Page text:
Palestinian State (proposed)


West Bank and Gaza Strip

President: Mahmoud Abbas (2005)

Prime Minister: Rami Hamdallah (2013)

Land area: West Bank: 2,178 sq mi (5,641 sq km); total area: West Bank: 2,263 sq mi (5,860 sq km); Gaza Strip: 139 sq mi (360 sq km)

Population (2010 est.): West Bank: 2,514,845, Gaza Strip: 1,604,238 (growth rate: West Bank: 2.1%, Gaza Strip: 3.3%); birth rate: West Bank: 24.9/1000, Gaza Strip: 36.2/1000; infant mortality rate: West Bank: 15.4/1,000, Gaza Strip: 17.7/1000; life expectancy: West Bank: 74.8, Gaza Strip: 73.7; density per sq mi: West Bank: 1,164, Gaza Strip: 10,077. NOTE: figures above include approximately 8,000 Israeli settlers who evacuated the Gaza Strip in Aug. 2005.

Capital: Undetermined

Large cities (2003 est.): Gaza, 1,331,600 (metro. area), 407,600 (city proper), Hebron, 137,000; Nablus, 115,400

Monetary units: New Israeli shekels, Jordanian dinars, U.S. dollars

Languages: Arabic, Hebrew, English

Ethnicity/race: West Bank: Palestinian Arab and other 83%, Jewish 17%; Gaza Strip: Palestinian Arab and other 99.4%, Jewish 0.6%

Religions: West Bank: Islam 75% (predominantly Sunni), Jewish 17%, Christian and other 8%; Gaza Strip: Islam 98.7% (predominantly Sunni), Christian 0.7%, Jewish 0.6%.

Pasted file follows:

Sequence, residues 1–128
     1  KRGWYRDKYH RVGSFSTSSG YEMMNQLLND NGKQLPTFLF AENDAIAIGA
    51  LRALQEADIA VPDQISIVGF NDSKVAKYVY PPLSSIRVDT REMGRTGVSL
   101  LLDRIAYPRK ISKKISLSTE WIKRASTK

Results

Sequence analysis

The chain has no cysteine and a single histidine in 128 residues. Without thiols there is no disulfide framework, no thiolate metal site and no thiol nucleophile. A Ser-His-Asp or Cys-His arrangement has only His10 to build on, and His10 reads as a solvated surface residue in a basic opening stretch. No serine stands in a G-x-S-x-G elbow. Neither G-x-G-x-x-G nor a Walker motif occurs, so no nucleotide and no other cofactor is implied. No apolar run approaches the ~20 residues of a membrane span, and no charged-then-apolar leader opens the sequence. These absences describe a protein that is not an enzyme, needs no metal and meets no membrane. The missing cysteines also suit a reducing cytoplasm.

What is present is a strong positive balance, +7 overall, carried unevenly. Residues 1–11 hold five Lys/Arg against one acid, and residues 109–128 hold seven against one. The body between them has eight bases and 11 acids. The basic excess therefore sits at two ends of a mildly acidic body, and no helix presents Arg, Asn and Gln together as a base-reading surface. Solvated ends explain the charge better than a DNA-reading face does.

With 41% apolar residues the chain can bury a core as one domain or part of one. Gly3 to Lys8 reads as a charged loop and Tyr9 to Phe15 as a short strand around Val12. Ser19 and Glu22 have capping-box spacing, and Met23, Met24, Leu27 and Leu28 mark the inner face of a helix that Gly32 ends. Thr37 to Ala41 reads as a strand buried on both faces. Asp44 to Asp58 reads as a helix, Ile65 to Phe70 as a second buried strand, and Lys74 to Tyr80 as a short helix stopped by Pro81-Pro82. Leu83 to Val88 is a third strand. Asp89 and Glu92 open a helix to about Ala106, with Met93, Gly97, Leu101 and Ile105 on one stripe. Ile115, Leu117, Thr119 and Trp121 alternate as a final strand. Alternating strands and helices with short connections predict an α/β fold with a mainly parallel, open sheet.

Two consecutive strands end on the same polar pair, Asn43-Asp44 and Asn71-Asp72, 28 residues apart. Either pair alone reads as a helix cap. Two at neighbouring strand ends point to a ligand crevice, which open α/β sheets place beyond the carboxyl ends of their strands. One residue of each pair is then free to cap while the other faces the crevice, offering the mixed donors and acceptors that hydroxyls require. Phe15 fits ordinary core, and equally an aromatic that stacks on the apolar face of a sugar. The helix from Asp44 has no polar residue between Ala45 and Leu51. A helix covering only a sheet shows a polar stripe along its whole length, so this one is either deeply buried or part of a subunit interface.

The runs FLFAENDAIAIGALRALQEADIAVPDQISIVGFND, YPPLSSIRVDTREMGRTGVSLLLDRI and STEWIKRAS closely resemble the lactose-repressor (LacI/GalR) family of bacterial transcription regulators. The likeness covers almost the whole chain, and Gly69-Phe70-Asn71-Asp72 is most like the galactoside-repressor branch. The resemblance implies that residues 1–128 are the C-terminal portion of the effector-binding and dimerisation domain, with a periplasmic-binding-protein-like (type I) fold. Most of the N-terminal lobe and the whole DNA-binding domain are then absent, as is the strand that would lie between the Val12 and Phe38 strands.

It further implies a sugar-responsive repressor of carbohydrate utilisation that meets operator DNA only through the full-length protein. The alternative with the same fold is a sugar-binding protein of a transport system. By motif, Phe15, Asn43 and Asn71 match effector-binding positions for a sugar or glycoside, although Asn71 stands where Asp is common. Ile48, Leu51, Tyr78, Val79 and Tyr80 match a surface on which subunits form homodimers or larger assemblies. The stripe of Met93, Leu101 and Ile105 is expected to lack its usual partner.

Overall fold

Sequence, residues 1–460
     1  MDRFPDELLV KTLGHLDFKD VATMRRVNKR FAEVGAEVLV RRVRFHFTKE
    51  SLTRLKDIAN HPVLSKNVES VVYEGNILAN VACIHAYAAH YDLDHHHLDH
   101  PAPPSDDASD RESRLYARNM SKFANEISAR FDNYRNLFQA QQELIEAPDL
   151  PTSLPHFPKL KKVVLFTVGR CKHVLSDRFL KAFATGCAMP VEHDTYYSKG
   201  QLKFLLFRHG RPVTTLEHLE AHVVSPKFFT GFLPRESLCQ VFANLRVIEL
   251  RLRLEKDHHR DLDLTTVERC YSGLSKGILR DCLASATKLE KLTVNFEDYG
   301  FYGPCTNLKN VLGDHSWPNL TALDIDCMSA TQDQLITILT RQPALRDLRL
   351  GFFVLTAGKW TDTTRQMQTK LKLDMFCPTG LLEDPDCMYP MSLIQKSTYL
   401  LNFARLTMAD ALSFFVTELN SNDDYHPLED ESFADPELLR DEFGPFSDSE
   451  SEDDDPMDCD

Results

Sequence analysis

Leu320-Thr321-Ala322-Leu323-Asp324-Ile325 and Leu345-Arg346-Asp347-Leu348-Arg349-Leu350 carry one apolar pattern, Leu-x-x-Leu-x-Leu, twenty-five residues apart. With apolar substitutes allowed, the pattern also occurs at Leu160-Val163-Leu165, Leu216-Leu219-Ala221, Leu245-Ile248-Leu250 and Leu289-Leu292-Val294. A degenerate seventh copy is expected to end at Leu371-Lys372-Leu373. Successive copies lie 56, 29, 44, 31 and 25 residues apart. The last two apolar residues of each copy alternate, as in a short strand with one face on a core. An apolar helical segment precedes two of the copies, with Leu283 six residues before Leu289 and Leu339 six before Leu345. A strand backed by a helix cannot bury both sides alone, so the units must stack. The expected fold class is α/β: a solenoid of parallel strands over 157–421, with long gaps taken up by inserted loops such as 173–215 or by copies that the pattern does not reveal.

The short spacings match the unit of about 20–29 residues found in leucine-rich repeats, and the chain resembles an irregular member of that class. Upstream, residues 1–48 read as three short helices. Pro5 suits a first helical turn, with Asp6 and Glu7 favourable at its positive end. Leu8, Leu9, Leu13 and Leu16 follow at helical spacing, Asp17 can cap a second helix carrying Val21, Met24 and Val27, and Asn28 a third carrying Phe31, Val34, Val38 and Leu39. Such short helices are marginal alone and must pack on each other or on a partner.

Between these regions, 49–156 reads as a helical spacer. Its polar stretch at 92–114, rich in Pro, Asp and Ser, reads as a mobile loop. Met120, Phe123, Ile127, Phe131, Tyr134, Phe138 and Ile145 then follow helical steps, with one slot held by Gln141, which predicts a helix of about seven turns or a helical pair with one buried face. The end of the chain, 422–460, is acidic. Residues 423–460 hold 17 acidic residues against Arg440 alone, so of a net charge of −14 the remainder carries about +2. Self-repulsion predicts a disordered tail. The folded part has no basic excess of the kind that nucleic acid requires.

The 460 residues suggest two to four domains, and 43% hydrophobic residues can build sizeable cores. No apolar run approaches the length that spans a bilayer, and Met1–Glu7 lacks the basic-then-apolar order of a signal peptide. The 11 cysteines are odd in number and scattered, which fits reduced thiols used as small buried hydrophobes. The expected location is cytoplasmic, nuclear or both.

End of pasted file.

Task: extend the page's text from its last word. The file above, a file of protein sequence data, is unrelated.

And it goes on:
Economic summary: Gaza Strip: GDP/PPP (2009 est.): $12.8 billion; $2,900 per capita. Real growth rate: 7%. Inflation: 9.9% (includes West Bank) (2009). Unemployment: 19% (includes West Bank) (2009 est.). Arable land: 29%. Agriculture: olives, citrus, vegetables; beef, dairy products. Labor force: 278,000 (April–June 2005); agriculture 11.9%, industry 18%, services 70.1% (April–June 2005). Industries: generally small family businesses that produce cement, textiles, soap, olive-wood carvings, and mother-of-pearl souvenirs; the Israelis have established some small-scale, modern industries in the settlements and industrial centers. Natural resources: arable land, natural gas. Exports: $529 million (2008, includes West Bank): citrus, flowers, textiles (Gaza Strip); olives, fruit, vegetables, limestone (West Bank). Imports: $3.772 billion (2008, includes West Bank): food, consumer goods, construction materials. Major trading partners: Israel, Egypt, West Bank. West Bank: GDP/PPP (2003 est.): $1.8 billion; $1,100 per capita. Real growth rate: 6.2% (2004 est.). Arable land: 16.9%. Agriculture: olives, citrus, vegetables; beef, dairy products. Labor force: 614,000 (April–June 2005); agriculture 18.4%, industry 24%, services 57.6% (April–June 2005). Natural resource: arable land. Major trading partners: Israel, Jordan, Gaza Strip (2004).